The young women in the program are all either Juniors or Seniors in B-School, with varying majors and concentrations - accounting, finance, marketing, etc. Through the Women's Initiative they receive extra opportunities to learn about the world of work that are not covered in the classroom. Some of the info is basic -- resumes, interview skills, what to wear and some of it will be more intrinsic - office politics, weighing career options, field trips, getting to see how a corporation or even a single office really runs. The students can ask questions in a safe environment and build their knowledge base beyond the textbook. Most importantly, the experience should give these young women an extra networking edge when they venture into the job market, and networking is priceless! Each girl is paired with an individual mentor, plus they garner the extra advantage of being able to connect to dozens of the other mentors and other grads who have been through the program. (Sounds a little like having that Girl Scout Gold Award open doors for our girls.)

My mentee's name is Bethany and she's a senior from Atlanta. Bethany is interested in learning more about the not-for-profit sector of the business world. She’s done volunteer work and understands that there has to be a strong business infrastructure to support the good works that get done for the clients. I hope that I can give her practical advice. I want to learn from her about the issues that are near and dear to her and I also want to hear how she and her peers envision using social media in their work lives.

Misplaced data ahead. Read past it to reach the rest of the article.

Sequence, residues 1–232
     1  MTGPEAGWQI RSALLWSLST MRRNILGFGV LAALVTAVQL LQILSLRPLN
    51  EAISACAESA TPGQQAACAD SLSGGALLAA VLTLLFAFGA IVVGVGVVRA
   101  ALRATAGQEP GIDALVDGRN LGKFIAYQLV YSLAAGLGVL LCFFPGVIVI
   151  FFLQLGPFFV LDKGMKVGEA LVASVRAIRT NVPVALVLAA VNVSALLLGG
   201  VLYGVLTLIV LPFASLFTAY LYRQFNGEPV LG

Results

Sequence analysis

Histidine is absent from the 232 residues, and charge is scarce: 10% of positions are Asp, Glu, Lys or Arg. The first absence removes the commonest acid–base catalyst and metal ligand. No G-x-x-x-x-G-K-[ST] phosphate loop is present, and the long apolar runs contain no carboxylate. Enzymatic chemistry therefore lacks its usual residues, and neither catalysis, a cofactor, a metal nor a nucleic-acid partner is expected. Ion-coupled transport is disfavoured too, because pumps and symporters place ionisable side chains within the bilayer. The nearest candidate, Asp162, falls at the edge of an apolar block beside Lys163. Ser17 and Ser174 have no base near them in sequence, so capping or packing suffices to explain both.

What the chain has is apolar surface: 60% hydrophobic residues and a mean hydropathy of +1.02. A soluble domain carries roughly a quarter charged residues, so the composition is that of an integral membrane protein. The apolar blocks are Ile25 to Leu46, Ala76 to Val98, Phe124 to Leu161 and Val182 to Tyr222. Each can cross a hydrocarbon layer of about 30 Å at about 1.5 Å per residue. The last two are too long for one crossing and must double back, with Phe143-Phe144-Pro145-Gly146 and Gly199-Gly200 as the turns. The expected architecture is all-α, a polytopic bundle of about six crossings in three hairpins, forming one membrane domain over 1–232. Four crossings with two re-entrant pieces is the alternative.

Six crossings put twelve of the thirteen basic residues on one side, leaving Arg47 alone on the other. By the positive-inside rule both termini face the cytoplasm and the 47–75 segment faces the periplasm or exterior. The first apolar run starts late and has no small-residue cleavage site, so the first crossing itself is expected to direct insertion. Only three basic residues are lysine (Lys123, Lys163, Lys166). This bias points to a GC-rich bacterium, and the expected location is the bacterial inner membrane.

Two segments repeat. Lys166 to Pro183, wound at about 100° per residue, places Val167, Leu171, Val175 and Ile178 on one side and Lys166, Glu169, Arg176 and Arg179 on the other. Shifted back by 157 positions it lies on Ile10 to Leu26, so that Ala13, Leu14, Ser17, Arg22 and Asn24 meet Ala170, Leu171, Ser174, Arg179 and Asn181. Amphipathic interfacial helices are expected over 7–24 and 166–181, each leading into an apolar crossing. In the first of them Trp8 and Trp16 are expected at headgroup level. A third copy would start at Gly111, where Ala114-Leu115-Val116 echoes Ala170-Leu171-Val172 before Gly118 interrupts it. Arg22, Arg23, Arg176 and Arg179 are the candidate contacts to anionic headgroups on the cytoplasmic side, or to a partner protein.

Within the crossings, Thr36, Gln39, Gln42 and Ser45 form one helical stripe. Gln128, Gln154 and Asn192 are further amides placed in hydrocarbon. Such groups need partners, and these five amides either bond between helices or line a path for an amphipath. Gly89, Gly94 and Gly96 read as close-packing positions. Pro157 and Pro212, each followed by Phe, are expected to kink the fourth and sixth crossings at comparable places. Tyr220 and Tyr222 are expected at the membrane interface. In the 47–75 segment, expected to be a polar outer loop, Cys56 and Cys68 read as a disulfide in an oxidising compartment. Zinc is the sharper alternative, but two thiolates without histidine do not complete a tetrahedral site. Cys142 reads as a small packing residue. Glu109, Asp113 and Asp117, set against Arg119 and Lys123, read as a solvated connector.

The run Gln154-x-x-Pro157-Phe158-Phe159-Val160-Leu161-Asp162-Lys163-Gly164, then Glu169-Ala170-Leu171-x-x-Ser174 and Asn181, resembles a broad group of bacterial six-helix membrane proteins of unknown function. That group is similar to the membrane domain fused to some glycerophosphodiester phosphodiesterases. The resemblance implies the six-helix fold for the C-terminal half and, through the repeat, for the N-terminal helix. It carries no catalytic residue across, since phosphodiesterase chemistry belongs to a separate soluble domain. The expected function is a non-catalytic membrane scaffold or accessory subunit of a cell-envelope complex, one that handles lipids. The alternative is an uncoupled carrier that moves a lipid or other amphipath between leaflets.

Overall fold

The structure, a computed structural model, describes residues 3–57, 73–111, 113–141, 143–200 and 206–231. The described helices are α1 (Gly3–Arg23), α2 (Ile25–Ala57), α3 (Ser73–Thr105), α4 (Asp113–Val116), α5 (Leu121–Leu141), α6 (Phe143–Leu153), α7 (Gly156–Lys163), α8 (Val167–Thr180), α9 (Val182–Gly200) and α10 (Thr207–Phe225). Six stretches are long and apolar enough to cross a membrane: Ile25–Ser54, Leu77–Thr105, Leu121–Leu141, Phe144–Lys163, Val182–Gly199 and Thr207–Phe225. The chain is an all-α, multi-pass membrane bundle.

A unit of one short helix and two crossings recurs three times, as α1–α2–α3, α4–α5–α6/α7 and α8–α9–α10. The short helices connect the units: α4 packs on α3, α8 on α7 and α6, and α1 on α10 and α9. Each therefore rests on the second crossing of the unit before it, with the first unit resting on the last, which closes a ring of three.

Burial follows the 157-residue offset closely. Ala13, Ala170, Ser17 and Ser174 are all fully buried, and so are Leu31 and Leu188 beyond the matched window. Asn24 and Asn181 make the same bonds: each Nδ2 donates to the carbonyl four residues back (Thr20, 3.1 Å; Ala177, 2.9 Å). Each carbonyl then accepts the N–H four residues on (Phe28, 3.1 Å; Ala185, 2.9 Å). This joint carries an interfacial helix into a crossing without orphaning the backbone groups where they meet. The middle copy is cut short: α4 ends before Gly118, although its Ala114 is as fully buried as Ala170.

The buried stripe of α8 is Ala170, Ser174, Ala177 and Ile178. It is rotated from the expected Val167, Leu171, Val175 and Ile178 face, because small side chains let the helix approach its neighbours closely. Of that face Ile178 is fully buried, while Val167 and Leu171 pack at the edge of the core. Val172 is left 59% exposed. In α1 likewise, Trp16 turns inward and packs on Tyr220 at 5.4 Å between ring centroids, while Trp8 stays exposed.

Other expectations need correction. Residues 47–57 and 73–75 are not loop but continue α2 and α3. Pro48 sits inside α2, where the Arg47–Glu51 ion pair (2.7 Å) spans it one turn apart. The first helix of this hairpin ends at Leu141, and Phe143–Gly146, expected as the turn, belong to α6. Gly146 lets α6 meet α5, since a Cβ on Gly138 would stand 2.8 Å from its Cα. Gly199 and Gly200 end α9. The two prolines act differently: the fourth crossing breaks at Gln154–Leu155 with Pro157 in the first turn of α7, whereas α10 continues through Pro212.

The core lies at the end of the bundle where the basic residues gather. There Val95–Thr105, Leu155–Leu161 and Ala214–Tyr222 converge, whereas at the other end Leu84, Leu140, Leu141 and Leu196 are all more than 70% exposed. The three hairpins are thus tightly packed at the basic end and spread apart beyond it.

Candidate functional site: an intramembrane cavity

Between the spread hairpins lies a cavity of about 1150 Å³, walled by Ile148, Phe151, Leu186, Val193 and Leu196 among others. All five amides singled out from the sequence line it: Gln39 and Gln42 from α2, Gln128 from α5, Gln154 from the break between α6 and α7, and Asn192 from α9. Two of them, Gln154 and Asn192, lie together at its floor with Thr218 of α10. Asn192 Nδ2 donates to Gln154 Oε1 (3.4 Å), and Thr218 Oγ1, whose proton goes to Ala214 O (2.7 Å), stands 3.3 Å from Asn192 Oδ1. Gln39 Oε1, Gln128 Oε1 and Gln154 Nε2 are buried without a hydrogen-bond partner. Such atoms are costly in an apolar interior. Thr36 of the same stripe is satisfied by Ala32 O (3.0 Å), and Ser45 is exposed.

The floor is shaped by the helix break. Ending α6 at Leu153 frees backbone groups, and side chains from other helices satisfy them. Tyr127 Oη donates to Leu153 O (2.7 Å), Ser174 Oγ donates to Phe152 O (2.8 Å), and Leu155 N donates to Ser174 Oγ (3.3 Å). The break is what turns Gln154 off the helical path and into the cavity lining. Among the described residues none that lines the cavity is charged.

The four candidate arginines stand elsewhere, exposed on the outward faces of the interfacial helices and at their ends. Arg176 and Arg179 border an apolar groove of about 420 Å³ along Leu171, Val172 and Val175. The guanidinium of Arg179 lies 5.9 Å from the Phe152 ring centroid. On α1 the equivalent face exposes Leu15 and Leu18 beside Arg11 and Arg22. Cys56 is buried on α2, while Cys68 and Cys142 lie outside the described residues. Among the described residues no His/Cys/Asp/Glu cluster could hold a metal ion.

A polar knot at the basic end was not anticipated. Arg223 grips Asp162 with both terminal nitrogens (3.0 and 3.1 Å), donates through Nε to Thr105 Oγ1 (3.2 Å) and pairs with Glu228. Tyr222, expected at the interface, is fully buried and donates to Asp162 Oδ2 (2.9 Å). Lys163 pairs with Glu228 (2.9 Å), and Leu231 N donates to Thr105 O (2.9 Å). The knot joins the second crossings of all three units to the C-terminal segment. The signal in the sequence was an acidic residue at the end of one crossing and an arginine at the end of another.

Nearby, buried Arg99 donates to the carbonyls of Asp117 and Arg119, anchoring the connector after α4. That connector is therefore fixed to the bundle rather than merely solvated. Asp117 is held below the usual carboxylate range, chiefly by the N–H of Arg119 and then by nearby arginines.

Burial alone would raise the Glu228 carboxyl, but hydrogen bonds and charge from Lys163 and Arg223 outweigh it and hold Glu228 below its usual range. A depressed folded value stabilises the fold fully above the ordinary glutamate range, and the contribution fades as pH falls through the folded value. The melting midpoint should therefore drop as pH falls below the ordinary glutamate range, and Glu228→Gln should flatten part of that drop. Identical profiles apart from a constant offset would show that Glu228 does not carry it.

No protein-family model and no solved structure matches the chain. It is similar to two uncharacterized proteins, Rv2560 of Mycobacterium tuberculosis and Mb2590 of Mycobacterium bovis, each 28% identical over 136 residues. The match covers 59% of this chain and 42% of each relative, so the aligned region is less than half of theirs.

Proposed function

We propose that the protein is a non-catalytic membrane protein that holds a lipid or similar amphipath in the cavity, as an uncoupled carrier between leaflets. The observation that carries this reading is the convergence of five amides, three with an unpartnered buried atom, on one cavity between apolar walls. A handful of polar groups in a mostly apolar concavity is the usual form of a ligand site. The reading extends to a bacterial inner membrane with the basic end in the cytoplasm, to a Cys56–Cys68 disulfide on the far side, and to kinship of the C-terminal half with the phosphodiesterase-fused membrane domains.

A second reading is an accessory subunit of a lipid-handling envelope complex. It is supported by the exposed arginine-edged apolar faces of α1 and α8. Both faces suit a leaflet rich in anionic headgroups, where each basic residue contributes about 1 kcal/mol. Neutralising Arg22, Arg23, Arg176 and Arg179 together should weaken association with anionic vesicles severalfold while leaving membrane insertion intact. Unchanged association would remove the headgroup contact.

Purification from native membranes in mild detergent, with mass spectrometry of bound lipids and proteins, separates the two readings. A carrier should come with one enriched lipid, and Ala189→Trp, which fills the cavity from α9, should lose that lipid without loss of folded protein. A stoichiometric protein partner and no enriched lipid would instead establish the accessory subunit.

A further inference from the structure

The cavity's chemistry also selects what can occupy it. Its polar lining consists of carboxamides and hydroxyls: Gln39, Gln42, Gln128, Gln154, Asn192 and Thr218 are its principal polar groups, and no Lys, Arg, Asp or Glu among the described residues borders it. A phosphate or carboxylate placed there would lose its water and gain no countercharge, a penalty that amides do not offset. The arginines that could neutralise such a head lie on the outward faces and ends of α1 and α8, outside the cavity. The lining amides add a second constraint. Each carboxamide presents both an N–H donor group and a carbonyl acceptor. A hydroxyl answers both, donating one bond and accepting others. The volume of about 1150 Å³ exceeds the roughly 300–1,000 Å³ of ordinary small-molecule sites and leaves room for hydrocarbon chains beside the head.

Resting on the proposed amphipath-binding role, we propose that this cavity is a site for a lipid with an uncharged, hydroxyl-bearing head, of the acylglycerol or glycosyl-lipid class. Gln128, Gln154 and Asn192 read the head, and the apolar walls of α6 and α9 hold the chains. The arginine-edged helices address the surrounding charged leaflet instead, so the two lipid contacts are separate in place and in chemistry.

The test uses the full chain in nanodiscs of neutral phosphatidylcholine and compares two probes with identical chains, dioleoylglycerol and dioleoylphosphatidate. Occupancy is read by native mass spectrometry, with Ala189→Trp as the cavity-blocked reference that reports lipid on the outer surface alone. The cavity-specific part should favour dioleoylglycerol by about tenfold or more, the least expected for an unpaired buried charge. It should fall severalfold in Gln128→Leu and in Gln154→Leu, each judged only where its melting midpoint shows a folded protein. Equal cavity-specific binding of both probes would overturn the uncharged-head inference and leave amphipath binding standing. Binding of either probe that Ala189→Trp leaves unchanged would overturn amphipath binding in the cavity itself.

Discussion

When I graduated from college in the 1970s, I don’t think I’d ever heard the word network with the exception of a TV station or an electrical grid! I moved to a town where I knew no one and just took the luck of the draw with civil service tests, cover letters and my resume. In my first job as a Planner for the State of Alabama’s Department of Mental Health and Mental Retardation, I was blessed to have a boss who saw my potential and taught me so much about the workplace. He was a mentor and a mensch. I learned so much from him and we still stay in touch with one another.

I’ll keep you posted on my work with the Women’s Initiative over the next year. I’d love to hear from others who have served in formal and informal mentor/mentee relationships. What have you learned from one another?

Wednesday, October 6, 2010

Mags&Munchies Raffle Giveaway via Facebook!

A Mags&Munchies Prize Goodie Bag is yours to win!

Starting Monday, 10/11 for three weeks (end date of 10/29) the Girl Scouts of Nassau County will be raffling off a weekly Mags&Munchies Prize Goodie Bag filled with Gummi Berries, Three Pack (honey roasted cashews, spicy peanuts and wasabi almonds), Snack Depot Tin (chocolate covered pretzels), Girl Scout Lantern Tin (Mint Meltaways) and White Chocolate Covered Pretzel Balls. It’s easy to enter, here’s how!
  1. Tag* the Girl Scouts of Nassau County Facebook page within your Facebook status and mention the Mags&Munchies Program.
  2. The more times you update your Facebook status tagging the Girl Scouts of Nassau County and talking about the Mags&Munchies Program, the more times you will be entered into the raffle to win the prize!
  3. Status updates will be tallied starting each Monday at 12 noon through that week’s consecutive Friday at 12 noon.
  4. A random winner will be picked each Friday at 1pm and announced via the Girl Scouts of Nassau County Facebook Page.
We hope you’ll participate and good luck!

* To tag the Girl Scouts of Nassau County Facebook page in your status, simply type in the “@” symbol and begin typing the words, Girl Scouts of Nassau County. A drop down menu will appear and the Girl Scouts of Nassau County name will show. Click on the name and then continue to write the rest of your status. The Girl Scouts of Nassau County tag will appear blue in color. You must "like" the Girl Scouts of Nassau County Page to be able to tag us.